Essential Use Cases and Responsibility in Object-Oriented Development


Authors: Robert Biddle, James Noble, Ewan Tempero
Source: GZipped PostScript (204kb); Adobe PDF (328kb)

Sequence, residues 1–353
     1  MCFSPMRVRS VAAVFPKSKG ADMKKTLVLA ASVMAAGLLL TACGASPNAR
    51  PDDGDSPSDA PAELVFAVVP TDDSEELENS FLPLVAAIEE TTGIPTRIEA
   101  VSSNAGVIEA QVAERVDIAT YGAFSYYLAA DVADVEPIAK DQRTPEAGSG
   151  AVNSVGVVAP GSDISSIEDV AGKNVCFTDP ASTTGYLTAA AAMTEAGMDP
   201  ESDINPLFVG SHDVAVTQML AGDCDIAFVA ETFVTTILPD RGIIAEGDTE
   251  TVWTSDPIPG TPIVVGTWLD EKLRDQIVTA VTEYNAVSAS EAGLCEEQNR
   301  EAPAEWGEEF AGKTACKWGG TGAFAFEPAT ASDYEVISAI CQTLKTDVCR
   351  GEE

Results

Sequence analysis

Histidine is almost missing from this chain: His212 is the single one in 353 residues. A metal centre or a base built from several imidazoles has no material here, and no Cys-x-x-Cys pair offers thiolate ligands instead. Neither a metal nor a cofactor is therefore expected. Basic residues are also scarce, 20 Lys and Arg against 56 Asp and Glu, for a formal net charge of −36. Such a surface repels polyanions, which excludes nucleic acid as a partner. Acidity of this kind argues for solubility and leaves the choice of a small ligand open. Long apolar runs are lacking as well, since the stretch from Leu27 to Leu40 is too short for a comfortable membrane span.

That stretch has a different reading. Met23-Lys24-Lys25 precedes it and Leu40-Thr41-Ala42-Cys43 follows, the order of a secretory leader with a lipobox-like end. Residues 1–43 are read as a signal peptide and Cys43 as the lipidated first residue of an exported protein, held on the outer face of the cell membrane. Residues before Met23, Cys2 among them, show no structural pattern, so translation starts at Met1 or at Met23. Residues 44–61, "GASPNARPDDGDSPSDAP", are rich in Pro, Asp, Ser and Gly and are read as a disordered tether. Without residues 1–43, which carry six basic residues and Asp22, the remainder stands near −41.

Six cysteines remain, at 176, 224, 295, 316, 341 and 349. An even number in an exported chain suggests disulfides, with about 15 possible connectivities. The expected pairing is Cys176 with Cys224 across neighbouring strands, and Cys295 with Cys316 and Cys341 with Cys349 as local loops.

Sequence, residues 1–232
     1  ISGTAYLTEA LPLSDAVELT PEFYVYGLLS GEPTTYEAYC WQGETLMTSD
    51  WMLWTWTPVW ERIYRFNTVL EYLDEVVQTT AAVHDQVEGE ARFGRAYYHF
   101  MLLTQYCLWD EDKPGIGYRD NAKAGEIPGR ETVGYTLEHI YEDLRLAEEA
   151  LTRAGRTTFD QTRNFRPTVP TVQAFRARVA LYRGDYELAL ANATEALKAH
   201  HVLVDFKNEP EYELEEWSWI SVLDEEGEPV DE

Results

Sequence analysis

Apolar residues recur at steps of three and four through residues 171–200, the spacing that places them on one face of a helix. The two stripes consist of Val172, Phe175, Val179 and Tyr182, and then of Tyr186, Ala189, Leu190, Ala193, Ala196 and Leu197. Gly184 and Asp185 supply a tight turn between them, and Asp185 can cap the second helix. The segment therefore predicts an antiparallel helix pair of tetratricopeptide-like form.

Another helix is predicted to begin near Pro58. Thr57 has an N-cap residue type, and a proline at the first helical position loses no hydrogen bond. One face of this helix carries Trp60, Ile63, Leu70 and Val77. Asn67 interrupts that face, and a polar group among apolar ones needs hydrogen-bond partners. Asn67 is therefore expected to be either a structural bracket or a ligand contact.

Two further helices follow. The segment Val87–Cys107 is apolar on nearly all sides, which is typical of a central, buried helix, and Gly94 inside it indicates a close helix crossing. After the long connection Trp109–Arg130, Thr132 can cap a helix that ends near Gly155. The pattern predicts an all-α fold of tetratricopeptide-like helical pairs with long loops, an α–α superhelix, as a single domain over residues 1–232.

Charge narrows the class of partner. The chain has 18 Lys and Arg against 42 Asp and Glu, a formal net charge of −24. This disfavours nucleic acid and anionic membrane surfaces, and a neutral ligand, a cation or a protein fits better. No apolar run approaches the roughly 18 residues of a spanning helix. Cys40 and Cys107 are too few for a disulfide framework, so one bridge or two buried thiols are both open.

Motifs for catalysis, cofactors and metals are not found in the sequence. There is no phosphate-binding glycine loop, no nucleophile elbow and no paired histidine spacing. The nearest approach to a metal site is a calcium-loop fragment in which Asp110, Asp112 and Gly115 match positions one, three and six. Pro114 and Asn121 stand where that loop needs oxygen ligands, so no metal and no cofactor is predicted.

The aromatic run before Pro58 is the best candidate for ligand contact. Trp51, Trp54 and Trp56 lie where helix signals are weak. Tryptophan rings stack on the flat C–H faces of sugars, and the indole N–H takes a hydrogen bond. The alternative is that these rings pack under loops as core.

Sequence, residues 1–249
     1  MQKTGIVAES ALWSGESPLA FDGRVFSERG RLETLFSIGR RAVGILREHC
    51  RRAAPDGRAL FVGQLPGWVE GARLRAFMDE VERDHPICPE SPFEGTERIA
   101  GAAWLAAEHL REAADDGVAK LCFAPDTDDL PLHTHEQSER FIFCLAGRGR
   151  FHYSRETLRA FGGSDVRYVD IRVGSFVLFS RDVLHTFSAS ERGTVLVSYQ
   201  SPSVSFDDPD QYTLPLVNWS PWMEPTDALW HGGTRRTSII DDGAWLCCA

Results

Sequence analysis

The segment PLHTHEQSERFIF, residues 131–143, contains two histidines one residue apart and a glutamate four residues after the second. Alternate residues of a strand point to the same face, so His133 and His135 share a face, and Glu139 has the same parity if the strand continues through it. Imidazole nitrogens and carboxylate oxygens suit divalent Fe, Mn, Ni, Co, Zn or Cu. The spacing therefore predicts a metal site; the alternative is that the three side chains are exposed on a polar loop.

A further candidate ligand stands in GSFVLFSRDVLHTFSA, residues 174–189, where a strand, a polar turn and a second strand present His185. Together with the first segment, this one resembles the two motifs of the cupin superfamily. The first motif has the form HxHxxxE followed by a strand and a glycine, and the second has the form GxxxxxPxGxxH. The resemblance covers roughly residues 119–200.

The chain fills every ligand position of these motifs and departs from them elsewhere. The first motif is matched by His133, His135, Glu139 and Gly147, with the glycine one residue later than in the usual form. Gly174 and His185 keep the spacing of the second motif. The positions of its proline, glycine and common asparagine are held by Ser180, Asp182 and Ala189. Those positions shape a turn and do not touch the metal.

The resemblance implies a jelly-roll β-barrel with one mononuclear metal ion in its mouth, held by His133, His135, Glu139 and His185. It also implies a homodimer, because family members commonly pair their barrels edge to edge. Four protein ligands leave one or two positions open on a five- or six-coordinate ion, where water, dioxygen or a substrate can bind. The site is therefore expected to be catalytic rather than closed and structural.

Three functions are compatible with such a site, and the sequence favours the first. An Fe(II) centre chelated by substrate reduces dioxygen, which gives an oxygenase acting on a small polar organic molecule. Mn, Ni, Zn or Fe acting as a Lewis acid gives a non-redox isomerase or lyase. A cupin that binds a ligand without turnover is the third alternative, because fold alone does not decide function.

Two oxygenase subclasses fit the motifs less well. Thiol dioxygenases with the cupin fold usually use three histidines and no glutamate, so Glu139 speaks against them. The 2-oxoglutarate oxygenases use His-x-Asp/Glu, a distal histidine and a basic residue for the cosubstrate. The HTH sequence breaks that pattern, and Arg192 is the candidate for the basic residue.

Essential use cases are abstract, lightweight, technology-free dialogues of user intention and system responsibility, that effectively capture requirements for user interface design. Employing essential use cases in typical object-oriented development processes requires designers to translate them into conventional use cases, costing time, imposing rework, and delaying work on the object-oriented development until the user interface design is complete. We describe how essential use cases can drive object-oriented development directly, without any intervening translation, allowing user interface development and object-oriented development to proceed in parallel. Working with essential use cases yields some unexpected further benefits: analysts can take advantage of recurring patterns in essential use cases, and the crucial common vocabulary of responsibilities lets designers trace directly from the essential use cases to the objects in their design.

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